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Technology

Facebook now clicks trouble for TV, radio

More than two million Kenyans are on Facebook and are slowly migrating from e-mailing. Research firm Synovate says the trends are spelling doom for traditional media. Photo/FILE
More than two million Kenyans are on Facebook and are slowly migrating from e-mailing. Research firm Synovate says the trends are spelling doom for traditional media. Photo/FILE 

More than two million Kenyans are on Facebook, with new research indicating that the popular social networking website is slowly edging out the e-mail as the preferred mode of electronic communication.

New research from Synovate reveals that 79 per cent of Internet-savvy Kenyans visit the website, using it as a primary means to talk to friends, relatives and work mates.

“The implications are significant, this could be a game changing phenomenon especially as we see more businesses start to use the service as an alternate tool to talk to their customers,” said Joe Otin, Media Research and Monitoring Director for pan Africa at Synovate.

Synovate’s latest report, dubbed the Digital Dive, indicates that social networking and entertainment have overtaken e-mails as a primary need for Internet use.

As a result, a quarter of Kenyans who are online do not even have an e-mail address, a significant change from five years ago, when 89 per cent of all Internet users in the country had e-mail address.

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Mr Otin said the research revealed that the emergence of a younger, more Internet-reliant consumer could force traditional media such as television, print and radio to potentially lose out on advertising revenue as Internet penetration increases.

“The value proposition presented by the internet means advertising online now makes sense,” said Mr Otin. Synovate’s data reveal that daily and weekly Internet usage has more than doubled in the last two years while monthly usage grew by 80 per cent making it the fastest growing media last year, with more than 3.5 million monthly users.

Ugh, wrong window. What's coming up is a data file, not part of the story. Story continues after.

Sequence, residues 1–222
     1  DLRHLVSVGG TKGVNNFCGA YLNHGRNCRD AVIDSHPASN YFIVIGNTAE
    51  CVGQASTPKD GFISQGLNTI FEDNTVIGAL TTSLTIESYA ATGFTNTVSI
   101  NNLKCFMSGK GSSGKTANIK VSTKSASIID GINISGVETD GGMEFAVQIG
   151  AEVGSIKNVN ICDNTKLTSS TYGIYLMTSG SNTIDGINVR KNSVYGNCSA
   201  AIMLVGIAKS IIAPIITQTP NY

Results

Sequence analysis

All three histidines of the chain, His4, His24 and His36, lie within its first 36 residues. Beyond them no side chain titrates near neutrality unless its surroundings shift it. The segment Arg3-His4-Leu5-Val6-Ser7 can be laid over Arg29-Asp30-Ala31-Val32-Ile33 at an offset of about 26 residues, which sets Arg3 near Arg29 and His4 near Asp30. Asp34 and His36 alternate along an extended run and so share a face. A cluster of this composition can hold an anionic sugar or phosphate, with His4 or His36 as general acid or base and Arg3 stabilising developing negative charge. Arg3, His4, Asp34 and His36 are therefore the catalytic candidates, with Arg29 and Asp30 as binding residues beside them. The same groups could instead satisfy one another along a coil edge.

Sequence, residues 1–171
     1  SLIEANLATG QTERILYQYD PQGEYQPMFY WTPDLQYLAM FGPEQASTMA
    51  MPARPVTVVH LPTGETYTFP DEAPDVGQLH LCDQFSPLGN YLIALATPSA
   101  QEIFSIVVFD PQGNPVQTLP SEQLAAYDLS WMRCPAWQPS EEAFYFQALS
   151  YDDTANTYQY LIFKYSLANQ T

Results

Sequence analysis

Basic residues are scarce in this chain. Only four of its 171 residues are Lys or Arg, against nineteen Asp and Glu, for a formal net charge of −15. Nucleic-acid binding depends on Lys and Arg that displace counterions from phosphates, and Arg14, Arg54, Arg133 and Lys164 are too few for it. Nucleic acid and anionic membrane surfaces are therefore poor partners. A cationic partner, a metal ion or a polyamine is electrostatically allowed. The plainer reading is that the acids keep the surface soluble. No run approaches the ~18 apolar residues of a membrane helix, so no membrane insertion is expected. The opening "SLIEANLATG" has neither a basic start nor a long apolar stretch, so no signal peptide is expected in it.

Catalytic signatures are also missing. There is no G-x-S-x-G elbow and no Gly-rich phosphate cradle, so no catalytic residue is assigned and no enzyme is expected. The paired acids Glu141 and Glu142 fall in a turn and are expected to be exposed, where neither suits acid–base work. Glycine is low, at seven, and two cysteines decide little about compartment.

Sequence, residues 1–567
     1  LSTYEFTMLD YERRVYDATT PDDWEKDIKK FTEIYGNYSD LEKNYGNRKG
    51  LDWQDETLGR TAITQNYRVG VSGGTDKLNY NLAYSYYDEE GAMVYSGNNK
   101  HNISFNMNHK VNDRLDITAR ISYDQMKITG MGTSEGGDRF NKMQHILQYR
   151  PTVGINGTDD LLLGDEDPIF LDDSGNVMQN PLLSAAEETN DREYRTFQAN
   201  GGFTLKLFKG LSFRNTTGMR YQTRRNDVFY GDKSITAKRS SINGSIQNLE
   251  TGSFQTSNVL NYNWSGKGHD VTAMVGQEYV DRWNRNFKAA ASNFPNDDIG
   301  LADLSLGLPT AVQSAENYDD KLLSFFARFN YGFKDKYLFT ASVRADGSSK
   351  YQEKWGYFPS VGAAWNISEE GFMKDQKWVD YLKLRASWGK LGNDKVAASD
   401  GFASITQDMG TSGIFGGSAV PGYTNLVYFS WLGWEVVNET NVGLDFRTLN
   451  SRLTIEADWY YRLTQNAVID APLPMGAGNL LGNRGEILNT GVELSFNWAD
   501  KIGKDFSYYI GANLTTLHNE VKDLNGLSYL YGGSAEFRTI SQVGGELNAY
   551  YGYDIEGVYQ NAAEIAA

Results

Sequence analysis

On average, Kenyan Internet users spend approximately 70 minutes on the Internet per visit.

“This level of media usage is close to the average time spent on television daily. We are seeing significant shifts in the way people receive content, and this could have implications for traditional media going forward,” said Mr Otin.

Over the last six months, several hundred Kenyan businesses have set up a presence on the social networking website, creating fan pages and feedback forums where clients discuss products.

Synovate’s data match that of global research house Nielsen, who report that since February 2009 Internet users have been spending more time on social-networking sites than on e-mail.

Last week, the GSM Association announced that Facebook accounted for almost half of total page views from the 16 million people going online via their mobile in December.

Initial data from the GSMA’s Initial Mobile Media Metrics (MMM) data from three operators shows 16 million unique users viewed 6.7 billion pages, spending 4.8 billion minutes online during December.

Facebook also claimed the lion’s share of total page views, with 2.64 billion in December, beating Google into second place with 894.3 million page views.

Facebook saw the most amount of time spent on its mobile site in December, accounting for 2.16 billion minutes during the month, with Google again second, claiming 395.6 million minutes.

Operator logs

The figures were released as the GSMA unveiled its long-awaited census data, offering advertisers and publishers information about mobile Internet traffic from operator logs for the first time

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